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Public Perception Key to Wind Energy Project Success

October 22, 2012

picThe development of new sources of renewable energy is crucial in achieving energy security, and wind energy is certainly one of them as wind turbines installed at various locations across the country are gradually increasing their contribution to electricity generation. As these projects develop, it is imperative to take local communities into consideration before starting new initiatives, as their support is an integral component of successful projects.

Maria Petrova, a postdoctoral research fellow at CIERP, recently completed research on measuring the perceptions among local communities about wind energy projects. In her presentation entitled Public Perceptions of Wind Energy Projects in Massachusetts, Petrova shared results demonstrating that communities tend to support such projects provided their benefits are explained to residents in a timely and coherent manner.

Petrova did a survey to examine perceptions of wind energy projects that are being developed in Massachusetts under the same legal and political framework.  Three towns in the state were chosen: Falmouth, Hull, and Kingston. These projects are sited in residential areas and possess similar capacities, but they are at different stages of development and have different levels of community acceptance.

The survey results showed that Massachusetts residents, in general, are supportive of wind energy projects. In Hull, following the success of the first wind turbine, the local community decided to install another turbine as they saw tangible results of the project. Both turbines now supply electricity to 1,100 homes along with supply to traffic and street lights.

Petrova found that the community in Kingston started to implement the wind energy project as soon as the renewable portfolio standard was adopted in 2002. After extensive consultations and hearings, the town moved ahead with wind energy projects and now boasts five wind turbines – both privately and publicly owned.

In Falmouth, however, the enthusiasm over the turbine was marred by health fears and noise concerns. Now the turbines in the area are operated only during the day. Community meetings are regularly organized by the Consensus Building Institute, and both sides relay their concerns over wind projects to try to find mutually acceptable solutions to the problem. When asked how the wind turbines fit into the landscape, most respondents in Falmouth say that wind turbines create noise and are intruders in their space. They also feel that wind projects have changed their life for the worse.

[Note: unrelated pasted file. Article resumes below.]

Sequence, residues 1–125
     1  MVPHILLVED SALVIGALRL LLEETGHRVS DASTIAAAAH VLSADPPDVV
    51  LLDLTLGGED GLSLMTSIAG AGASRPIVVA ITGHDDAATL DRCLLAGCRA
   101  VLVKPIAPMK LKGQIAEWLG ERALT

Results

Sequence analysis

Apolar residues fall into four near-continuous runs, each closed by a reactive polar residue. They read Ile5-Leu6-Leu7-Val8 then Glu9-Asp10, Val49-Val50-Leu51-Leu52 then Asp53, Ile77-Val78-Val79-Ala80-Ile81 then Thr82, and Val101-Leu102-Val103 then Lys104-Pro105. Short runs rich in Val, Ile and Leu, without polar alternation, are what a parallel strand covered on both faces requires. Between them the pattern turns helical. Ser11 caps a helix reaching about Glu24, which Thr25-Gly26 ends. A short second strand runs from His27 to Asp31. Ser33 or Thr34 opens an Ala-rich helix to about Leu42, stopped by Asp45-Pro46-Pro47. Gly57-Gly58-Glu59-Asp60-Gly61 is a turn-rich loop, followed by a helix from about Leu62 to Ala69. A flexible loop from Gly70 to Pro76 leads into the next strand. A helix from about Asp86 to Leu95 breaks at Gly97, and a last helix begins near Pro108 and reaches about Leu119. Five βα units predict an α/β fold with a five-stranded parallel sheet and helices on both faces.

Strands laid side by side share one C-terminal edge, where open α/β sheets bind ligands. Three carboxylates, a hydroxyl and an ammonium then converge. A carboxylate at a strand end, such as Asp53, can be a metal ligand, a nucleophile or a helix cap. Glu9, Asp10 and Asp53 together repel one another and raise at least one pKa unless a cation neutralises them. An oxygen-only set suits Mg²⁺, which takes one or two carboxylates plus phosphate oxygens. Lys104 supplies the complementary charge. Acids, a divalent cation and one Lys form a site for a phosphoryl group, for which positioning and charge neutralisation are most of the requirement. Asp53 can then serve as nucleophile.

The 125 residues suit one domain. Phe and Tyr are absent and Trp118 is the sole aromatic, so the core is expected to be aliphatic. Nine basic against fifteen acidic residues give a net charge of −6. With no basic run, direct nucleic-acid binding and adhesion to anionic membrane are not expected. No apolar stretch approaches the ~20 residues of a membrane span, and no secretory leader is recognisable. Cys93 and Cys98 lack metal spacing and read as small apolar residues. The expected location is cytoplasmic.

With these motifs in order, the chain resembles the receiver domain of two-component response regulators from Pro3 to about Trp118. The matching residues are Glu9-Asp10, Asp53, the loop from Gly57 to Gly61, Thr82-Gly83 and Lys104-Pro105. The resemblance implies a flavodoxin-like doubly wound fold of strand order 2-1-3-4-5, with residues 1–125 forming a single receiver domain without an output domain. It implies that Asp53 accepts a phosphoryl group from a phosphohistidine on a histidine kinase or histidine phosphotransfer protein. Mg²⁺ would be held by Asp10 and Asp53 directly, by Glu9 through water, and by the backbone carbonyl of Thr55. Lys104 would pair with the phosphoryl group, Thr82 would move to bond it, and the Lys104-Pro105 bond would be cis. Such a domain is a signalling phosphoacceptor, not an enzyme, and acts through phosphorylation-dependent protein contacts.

However, the residents in Hull believe that wind turbines are an attractive feature of the landscape and their life has changed for the better. The same pattern of completely opposite responses is further reflected in other research questions.

Petrova said that property values are a major cause of concern among residents, as property values may drop following the installation of turbines. The survey shows that Falmouth residents do not think these projects provide financial benefits to them or to the town, whereas the respondents in Hull see benefits from these projects. From an environmental policy point of view, Falmouth residents are concerned about negative effects of such projects on wildlife and their health.

How the residents get to know about these projects is also an important issue. People in Hull learned of these projects during the planning phase; in Kingston, most respondents learned about them during the construction phase; Falmouth residents were informed about these projects at a much later stage. The residents become aware of such projects through town hall meetings, newspapers, and other forms of media, and they acknowledge that receiving adequate information is critical for building public opinion on wind turbine projects. 

Human geography issues also determine how these projects are seen by residents. Do they see them as intruders in their community? Socio-economic concerns tell us whether property values go up or down, how such projects affect tourism, or if there are financial benefits to the community. Environmental policy issues deal with wildlife concerns, health concerns, greenhouse gas emissions and the reduction on oil dependence.

The increase in energy demand is largely driven by growing requirements for electricity as the world population is expected to touch 9 billion by 2030. Earlier, OECD countries were driving the demand, but with the rise of emerging economies, the demand for energy is now also coming from non-OECD countries. In the face of mounting pressure on finite resources, renewable energy sources have huge potential to help tackle resources constraints.

Natural gas contributes the most to electricity generation in Massachusetts and amounts to around 74%, nuclear energy supplies 12%, coal power plants contribute up to 9%, and the share of renewable energy sources (solar, wind, etc.) is around 4%. Massachusetts is one of the few states in the US that started exploring the potential of renewable energy early. The ambitious plan is to generate 15% of electricity in Massachusetts through wind energy by 2020.

To meet that goal, the participation of local communities is important in taking informed decisions and making them stakeholders in renewable energy projects. Petrova said that if a project is presented with all the relevant information, people are willing to assume ownership. If they see tangible benefits coming to their community, they will make sure that it is done, which is the key to success.

Article by Sachin Gaur, MALD Candidate F13

View her presentation slides here.